NINANINA Source Code

NINA generates incredibly beautiful figures with a remarkably simple algorithm:

num_lines = some integer
a_pulse = some integer less than num_lines
b_pulse = some integer less than num_lines
for (count = 0; count < num_lines; count++) {
  cur_x = cos((-2*PI*a_pulse*count)/num_lines) +
  cur_y = sin((-2*PI*a_pulse*count)/num_lines) +
  draw line from (prev_x, prev_y) to (cur_x, cur_y)
  prev_x = cur_x; prev_y = cur_y;

On this page are links to each of the .java files that comprise NINA, along with a general explanation of what classes are in each file, and how those classes are used. For more detailed explanations, such as specific methods and variables that are available, follow the links, and read the header comments for the files. Feel free to send me questions/comments about the code.
Nina is the heart of NINA, a subclass of Canvas that draws pretty pictures. By NINA I mean the whole shebang, including the interface. Nina just means this core object.
A crucial class that encapsulates all the parameters necessary for Nina to draw a figure.
A small class, used for picking random colors. It has some slight optimizations for selecting better looking colors depending on whether the figure background is black or white.
A tiny sample applet that demonstrates how easily you can re-use just the above three pieces, and embed a Nina anywhere you like. Detailed information on how to embed MiniNina applets on your own web pages is available. Embedded MiniNina applets look like this:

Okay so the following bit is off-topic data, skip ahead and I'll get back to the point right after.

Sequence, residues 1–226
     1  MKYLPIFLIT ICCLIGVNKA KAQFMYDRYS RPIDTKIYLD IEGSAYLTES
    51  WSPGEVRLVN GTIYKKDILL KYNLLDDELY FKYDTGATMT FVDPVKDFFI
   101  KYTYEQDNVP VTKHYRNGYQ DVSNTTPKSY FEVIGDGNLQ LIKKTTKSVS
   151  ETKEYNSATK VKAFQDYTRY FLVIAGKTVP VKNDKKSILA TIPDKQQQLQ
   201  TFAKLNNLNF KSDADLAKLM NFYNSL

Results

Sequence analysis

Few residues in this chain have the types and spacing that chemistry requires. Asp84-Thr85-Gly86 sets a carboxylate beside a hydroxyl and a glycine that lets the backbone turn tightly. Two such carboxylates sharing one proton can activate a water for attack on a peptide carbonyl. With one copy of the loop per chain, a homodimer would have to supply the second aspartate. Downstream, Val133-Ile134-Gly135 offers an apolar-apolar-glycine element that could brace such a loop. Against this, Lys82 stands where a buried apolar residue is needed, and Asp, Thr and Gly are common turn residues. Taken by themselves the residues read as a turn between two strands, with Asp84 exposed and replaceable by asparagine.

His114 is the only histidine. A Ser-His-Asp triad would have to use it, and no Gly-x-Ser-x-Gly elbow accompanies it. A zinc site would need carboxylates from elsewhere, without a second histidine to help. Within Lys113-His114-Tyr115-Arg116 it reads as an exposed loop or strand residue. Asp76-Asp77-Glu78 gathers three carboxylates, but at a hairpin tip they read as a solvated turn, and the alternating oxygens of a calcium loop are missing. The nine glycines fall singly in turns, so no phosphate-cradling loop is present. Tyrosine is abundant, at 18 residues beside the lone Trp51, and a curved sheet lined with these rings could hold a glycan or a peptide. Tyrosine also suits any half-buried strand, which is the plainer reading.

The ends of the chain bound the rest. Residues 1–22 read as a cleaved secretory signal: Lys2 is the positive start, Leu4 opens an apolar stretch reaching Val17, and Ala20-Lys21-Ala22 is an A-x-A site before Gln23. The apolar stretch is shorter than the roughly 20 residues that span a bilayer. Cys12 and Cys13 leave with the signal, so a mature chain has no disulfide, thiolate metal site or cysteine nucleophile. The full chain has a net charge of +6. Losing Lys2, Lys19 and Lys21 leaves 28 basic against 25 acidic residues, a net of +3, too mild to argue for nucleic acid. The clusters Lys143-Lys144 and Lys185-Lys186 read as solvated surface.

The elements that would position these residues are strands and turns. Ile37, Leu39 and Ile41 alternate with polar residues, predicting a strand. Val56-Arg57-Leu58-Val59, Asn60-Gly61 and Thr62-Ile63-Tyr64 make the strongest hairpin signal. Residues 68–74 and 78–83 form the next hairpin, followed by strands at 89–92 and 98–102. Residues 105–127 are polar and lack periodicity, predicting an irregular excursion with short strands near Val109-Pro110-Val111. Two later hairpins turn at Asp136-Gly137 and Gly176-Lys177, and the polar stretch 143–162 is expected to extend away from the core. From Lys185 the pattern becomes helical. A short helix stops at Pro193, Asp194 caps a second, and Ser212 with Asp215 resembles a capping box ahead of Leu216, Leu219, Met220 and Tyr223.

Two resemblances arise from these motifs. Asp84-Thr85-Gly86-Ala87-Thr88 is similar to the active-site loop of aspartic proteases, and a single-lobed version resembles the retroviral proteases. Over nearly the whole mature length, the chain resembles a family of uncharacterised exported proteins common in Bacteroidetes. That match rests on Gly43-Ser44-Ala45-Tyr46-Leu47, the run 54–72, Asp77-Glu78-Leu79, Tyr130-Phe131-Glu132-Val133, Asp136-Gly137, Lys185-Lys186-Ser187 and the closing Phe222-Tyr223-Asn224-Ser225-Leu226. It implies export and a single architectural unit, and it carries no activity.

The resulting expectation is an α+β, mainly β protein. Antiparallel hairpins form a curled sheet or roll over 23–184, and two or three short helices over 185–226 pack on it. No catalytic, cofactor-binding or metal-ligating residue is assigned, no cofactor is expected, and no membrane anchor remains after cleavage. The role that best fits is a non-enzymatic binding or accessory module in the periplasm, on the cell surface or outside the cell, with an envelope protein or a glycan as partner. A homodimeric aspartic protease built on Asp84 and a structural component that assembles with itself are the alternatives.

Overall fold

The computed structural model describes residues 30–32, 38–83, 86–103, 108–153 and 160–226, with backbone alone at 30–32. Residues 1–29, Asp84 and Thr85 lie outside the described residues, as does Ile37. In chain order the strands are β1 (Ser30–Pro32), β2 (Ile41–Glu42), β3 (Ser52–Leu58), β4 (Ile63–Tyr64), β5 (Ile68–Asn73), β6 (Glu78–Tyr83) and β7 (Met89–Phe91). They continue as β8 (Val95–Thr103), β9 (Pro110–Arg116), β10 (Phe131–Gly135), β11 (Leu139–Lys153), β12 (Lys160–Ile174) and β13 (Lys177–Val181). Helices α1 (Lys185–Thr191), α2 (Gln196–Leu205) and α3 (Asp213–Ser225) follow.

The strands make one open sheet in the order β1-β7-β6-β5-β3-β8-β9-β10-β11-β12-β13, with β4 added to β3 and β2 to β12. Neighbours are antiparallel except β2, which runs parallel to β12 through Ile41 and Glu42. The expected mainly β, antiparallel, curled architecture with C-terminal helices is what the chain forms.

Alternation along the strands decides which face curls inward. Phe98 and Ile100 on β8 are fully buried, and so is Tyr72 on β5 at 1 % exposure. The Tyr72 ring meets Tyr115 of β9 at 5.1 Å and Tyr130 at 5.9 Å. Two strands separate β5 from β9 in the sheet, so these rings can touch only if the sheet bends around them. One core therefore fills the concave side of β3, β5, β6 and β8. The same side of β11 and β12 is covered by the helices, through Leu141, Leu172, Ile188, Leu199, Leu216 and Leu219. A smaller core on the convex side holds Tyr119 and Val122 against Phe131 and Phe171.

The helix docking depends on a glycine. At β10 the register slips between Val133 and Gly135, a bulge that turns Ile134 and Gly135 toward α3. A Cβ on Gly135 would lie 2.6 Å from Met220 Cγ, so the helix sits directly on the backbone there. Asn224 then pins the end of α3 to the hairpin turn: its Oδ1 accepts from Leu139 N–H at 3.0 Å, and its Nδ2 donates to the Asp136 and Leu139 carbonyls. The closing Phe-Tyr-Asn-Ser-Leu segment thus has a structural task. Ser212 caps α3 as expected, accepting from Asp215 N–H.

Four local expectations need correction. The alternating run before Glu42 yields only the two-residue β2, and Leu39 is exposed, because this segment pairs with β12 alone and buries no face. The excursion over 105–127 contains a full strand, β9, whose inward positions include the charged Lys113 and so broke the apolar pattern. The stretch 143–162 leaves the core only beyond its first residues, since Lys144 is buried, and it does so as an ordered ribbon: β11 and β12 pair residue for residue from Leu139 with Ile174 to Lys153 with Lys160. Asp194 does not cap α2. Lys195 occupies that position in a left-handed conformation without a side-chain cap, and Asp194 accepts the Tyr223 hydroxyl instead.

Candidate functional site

A trivial interface definition, which an object that controls a Nina may want to implement.
You may have noticed that the NINA pages each contain five separate applets, placed in separate cells of a table. I mostly did this because it looks cool, and was not much harder. This file is the applet wrapper for the Nina object. It is the only piece that knows whether we are running in a floating window or inlined.
This is the applet that contains the three buttons. It has overall control over NINA, and handles the communications between the individual parameter controllers and the Nina object.
A small, but important class which is never actually instantiated. However the next three items are subclassed off of it.
The applet that holds Conrollers for Number of Lines, A Pulse and B Pulse.
The applet that holds Controllers for Show Animation and Auto Draw.
The applet that holds Controllers for Number of Colors and Palette.
A class hierarchy that builds individual Controller objects.
The classes that define the interactive color-chooser.